In moving onto the main course, we realized that not only is this place great for fools in love, it’s also wonderful for vegetarians. There isn’t a whole lot of choice, but what is on the menu sounds absolutely delectable. Caroline had the open-faced roasted eggplant, which, as described by their menu, is “a split baguette with white bean spread. . .filled with roasted eggplant, roasted peppers and melted mozzarella cheese.” The bean spread was out of this world, and the eggplant was tender and fresh. Caroline’s one complaint is that the cheese component was slightly skimpy, but as Mark pointed out, it was kind of weird to order the eggplant dish and then be surprised by the abundance of fresh eggplant. Caroline called him a stupid freshman and kept eating. Mark declined to try the dish, thinking that it looked good but was not his thing â€“ much like his attitude toward underarm deodorant.
To finish up with the vegetarian angle, there is also a delicious concoction on the menu, made by Chef Kathleen, called the Zen burger, which sounds very falafel-like. It is described as a lentil-chick pea patty with cucumber-yogurt-mint sauce on a potato roll.
Completely switching gears, Mark had the steak frite, a New York sirloin strip steak served on a “bed of hand-cut french fries.” It was quite delicious, but Caroline thought it was over-cooked since he ordered it medium-well. Mark, however, enjoyed it a great deal and thought the accompanying fries and onion crisp sealed the deal.
After making a significant dent in our heartily portioned dinners, we leaned back, completely stuffed. The waitress came by and asked if we wanted dessert. After significant arm-twisting, Mark talked me into ordering three desserts for the table: tiramisu, a lemon mousse tartlet with a kick that would “make a Rockette proud” and a chocolate cake with a coffee mousse filling.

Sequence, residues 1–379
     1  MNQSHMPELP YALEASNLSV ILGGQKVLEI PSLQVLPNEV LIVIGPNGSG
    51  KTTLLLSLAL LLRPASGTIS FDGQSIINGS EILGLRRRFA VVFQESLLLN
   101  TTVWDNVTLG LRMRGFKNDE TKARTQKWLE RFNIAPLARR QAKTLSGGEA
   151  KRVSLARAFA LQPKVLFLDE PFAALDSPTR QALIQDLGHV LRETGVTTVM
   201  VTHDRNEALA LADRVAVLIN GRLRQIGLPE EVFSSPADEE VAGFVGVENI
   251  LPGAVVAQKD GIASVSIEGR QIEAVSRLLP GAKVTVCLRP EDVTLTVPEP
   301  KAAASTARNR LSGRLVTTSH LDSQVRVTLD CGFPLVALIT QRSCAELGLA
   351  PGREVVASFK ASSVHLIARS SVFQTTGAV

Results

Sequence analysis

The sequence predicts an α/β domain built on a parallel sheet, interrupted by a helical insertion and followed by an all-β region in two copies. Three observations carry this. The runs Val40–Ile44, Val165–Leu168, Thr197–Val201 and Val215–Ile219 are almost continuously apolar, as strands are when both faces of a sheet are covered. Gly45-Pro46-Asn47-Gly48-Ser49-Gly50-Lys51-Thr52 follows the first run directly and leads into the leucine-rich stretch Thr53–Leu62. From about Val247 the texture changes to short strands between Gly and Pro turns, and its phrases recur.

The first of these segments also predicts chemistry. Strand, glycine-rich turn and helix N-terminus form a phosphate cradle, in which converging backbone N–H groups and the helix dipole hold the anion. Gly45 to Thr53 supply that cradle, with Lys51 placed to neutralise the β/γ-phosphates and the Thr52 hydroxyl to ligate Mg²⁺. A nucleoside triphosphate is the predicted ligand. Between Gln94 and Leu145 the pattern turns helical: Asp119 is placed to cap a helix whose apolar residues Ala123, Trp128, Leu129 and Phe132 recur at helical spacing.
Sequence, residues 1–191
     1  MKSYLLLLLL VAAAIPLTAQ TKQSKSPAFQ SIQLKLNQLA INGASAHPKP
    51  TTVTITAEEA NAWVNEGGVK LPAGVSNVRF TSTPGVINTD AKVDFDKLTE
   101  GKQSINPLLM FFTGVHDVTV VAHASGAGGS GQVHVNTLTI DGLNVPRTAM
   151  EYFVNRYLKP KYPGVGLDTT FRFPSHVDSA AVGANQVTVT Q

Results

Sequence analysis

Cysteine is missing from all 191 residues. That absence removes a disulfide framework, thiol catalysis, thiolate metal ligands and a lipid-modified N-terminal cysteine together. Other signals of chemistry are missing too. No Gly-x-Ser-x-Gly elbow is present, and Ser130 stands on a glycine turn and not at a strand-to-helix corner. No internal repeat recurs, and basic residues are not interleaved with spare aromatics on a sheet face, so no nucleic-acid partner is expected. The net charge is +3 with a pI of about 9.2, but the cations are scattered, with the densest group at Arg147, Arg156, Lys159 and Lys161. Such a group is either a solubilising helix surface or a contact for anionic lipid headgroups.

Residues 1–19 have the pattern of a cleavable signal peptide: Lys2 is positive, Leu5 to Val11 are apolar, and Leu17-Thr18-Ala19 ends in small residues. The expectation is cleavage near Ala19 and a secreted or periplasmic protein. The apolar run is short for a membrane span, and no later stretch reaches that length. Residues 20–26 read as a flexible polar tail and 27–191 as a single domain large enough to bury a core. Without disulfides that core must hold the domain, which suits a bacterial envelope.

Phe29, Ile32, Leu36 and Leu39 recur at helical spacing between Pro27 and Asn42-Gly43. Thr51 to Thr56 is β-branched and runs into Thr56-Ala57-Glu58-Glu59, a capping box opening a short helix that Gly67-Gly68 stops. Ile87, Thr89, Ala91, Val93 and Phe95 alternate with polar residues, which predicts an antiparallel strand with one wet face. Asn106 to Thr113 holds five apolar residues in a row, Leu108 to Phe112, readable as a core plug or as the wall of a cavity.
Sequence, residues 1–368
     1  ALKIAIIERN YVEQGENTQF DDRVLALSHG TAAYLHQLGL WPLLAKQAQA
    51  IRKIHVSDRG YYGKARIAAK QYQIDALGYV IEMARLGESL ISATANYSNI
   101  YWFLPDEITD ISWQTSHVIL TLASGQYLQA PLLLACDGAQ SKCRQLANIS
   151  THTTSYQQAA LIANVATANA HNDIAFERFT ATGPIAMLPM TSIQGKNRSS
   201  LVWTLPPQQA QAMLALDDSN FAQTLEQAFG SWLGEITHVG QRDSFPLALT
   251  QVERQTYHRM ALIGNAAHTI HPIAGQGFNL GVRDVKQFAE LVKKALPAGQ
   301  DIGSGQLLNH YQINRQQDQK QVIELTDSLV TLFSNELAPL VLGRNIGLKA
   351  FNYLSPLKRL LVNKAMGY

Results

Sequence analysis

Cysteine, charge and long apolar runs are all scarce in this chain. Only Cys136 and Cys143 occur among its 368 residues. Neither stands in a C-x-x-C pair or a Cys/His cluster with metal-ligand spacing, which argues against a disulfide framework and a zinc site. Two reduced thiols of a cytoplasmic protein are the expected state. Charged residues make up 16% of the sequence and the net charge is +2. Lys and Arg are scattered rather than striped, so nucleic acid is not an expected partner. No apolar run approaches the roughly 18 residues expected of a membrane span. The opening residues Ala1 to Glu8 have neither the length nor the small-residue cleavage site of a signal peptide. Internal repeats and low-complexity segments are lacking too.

The tiramisu was another whimsical, deconstructed creation with coffee-soaked Ladyfingers torn up in the bottom of a red wine glass with the chocolate filling and marscapone cheese puffing out on top. It was very tasty â€“ both sweet and bitter, combining the bite of coffee and the sweetness of the chocolate and cheese. Caroline was not as impressed with the lemon mousse tartlet or the chocolate cake, as the cake part in both seemed slightly stale and dry.
The chocolate frosting and the lemon mousse, however, were wonderful. We know you must be thinking three desserts are a lot, but when you are trying to review a restaurant in a serious, professional manner, you must try several things. Okay, that is a lie: the Record was paying and we could not resist.
Overall, this is a fun place for dinner. While not over-priced, the total can quickly climb up to $70-80 for two, including alcohol, entrees and desserts â€“ which seems a little steep considering the uneven quality of the food. Haute couture fans should plan on going this Wednesday for the First Annual Pauper’s Ball, featuring the blues band Blue Fish. They feature a $10.40 dinner special and two special drinks, Daddy Warbucks martinis and champagne cocktails. Reservations are requested, but there is plenty of room in the lounge and bar for “those seeking strong waters and camaraderie only.”